Multi-talented Carson Morton ( writer, musician, children’s book author and illustrator)  is a man obsessed with the thefts of Leonardo da Vinci’s Mona Lisa. He has written two art heist novels on the subject. The first one, Stealing Mona Lisa, was a big success. It was published in 2011, exactly one hundred years after the actual crime took place at the Louvre. The story follows Eduardo de Valfierno, a strangely likeable charlatan who makes his living selling forgeries of masterpieces to clients who believe they are receiving the original paintings. Valfierno begins his career in Buenos Aires where he was born, but he assembles his team of con artists in 1911 Paris for their final and most ambitious theft, one that he hopes will enable them to leave the game forever:  Leonardo da Vinci’s Mona Lisa. Morton’s descriptions of early twentieth century Paris are cinematic and his language is poetic at times.  My favorite character, Valfierno’s partner-in-crime Julia is a beautiful and savvy American pickpocket. She can be clever and funny, but I also took her seriously as Julia actually saves the other con artists more than once. Morton is a good storyteller and he kept me guessing until the end. 

Jennifer S. Alderson, an international backpacker and travel writer from Seattle moved to Amsterdam where she studied art history. Her art heist novel, The Lover’s Portrait: An Art Mystery, was published in 2004. I wondered if the story was semi-autobiographical as Alderson’s female protagonist Zelda Richardson is also a gutsy, resilient and ethical art history student. What’s clear is that Zelda’s in over her head when her search for truth entangles her in a 70-year old web of stolen paintings, blackmail and murder. A fictitious gallery near a small canal is the main scene for the novel where two separate people claim the same Nazi-stolen painting. One of the claimants is a fraud who will go to any lengths to get the painting. The mystery surrounding the painting, Irises and its provenance is enhanced by present day Amsterdam’s charming atmosphere. I wanted Zelda and her likable sidekick Frederich to find a way for their legitimate client, Rita Brouwer to obtain her rightful inheritance.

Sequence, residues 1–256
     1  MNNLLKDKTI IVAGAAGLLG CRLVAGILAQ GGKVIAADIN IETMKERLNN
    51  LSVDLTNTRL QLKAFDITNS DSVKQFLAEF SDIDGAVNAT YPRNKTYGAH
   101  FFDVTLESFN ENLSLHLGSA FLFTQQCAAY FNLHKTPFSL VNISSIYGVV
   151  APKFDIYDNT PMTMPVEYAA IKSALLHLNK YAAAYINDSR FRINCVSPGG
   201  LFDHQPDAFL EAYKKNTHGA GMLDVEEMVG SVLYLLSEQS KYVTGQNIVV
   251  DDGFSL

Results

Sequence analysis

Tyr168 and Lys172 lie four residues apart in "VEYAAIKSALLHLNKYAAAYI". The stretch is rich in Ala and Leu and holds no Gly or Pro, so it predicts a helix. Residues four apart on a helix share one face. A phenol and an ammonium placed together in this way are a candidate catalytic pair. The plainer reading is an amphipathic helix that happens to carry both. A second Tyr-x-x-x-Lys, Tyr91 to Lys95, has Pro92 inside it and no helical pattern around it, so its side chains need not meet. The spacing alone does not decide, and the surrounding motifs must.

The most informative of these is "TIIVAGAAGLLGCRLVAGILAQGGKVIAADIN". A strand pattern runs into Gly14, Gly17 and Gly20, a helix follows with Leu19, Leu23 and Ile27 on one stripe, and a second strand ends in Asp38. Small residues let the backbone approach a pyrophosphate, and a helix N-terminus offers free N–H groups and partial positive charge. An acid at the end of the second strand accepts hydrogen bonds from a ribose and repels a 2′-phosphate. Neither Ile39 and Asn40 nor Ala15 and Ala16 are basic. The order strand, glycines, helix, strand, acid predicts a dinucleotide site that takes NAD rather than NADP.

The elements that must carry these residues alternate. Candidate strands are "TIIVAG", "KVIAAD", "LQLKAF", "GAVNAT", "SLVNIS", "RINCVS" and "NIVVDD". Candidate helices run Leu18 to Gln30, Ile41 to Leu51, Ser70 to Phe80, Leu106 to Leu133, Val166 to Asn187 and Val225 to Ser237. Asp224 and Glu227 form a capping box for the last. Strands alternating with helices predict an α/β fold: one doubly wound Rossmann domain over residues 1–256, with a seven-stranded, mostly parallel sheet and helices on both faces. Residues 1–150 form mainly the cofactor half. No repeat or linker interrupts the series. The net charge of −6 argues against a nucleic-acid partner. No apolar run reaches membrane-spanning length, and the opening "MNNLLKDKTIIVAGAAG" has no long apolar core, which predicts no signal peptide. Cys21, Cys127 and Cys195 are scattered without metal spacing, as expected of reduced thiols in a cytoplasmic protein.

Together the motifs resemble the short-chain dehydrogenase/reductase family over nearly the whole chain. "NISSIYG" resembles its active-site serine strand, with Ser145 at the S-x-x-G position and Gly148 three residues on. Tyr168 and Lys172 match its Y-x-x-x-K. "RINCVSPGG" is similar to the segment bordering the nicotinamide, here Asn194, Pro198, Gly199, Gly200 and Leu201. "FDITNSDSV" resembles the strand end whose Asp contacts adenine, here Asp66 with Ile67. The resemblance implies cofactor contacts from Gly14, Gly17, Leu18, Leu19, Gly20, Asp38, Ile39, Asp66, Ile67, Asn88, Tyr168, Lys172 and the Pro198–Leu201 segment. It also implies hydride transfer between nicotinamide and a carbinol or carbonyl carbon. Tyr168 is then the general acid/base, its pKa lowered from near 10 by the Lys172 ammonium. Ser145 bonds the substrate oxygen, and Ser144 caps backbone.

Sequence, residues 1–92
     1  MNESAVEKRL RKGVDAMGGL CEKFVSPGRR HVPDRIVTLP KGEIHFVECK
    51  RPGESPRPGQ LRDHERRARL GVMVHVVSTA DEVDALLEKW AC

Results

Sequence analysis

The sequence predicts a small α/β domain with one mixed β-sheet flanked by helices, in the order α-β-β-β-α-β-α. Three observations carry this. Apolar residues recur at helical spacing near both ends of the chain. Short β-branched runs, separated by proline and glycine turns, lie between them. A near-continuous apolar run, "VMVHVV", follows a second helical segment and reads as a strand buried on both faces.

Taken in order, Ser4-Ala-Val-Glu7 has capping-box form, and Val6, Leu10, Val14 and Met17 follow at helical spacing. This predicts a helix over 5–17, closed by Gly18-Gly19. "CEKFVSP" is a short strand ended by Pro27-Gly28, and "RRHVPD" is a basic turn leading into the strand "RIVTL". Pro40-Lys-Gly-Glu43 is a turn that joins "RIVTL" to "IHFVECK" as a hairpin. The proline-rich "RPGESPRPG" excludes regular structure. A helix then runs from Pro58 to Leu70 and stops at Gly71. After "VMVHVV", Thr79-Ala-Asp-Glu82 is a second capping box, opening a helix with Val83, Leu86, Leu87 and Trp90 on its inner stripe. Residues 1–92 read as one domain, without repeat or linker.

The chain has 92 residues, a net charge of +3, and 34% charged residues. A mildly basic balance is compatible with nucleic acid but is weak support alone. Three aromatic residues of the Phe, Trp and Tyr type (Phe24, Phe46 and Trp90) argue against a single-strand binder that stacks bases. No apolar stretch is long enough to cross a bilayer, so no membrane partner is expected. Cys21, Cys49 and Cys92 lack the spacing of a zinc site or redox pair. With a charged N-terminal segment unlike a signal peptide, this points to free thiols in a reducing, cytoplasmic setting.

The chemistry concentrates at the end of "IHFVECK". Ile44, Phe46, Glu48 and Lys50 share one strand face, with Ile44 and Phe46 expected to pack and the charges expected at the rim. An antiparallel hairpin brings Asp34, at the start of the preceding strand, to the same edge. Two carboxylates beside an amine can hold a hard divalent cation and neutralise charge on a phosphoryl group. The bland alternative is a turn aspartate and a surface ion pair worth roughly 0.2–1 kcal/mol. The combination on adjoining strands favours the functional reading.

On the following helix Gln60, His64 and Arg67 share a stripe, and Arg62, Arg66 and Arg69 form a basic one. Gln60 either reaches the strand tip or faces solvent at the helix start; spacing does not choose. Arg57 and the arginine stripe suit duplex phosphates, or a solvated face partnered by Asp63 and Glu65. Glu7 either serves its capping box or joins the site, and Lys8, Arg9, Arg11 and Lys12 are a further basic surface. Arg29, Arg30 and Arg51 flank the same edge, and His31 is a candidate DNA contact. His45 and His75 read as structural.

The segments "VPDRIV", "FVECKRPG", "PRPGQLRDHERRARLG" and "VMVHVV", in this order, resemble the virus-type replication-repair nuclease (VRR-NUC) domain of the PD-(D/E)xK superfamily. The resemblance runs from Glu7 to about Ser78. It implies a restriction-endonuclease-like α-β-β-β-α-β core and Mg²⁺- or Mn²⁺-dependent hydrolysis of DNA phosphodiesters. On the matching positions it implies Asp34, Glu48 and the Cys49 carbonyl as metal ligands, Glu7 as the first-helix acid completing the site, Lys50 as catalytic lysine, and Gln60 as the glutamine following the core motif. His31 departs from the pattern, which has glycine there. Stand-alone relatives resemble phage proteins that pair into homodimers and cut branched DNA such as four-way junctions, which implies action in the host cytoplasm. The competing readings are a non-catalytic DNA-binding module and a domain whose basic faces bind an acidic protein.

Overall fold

Robert Brown Parker, the beloved New York Times best-selling author of 38 novels starring Spenser, the fictional Boston detective, sadly passed away in 2010. Parker’s 39th novel Painted Ladies was published posthumously. It was Parker’s first and last art heist novel about a brilliant, but unknown, Dutch painter whose painting was stolen from the fictitious Hammond Museum. The witty and sophisticated Spenser accepts his latest case to provide protection during a ransom exchange for this stolen painting. I thought the charm of this novel is that it doesn’t try to be anything more than it is.  As in Parker’s other Spenser novels I loved the banter between Spenser and the police. Spenser learns that his client, a renowned art scholar Dr. Anton Prince was once a married skirt-chaser who harbored secrets about his past, and that Nazi art thefts during WWII may be related to the Hammond Museum burglary. The Nazi angle is especially troubling because killers with replicas of concentration camp tattoos make numerous attempts on Spencer’s life. Parker’s cat and mouse games never disappoint.  

Author visits with Carol Orange are available via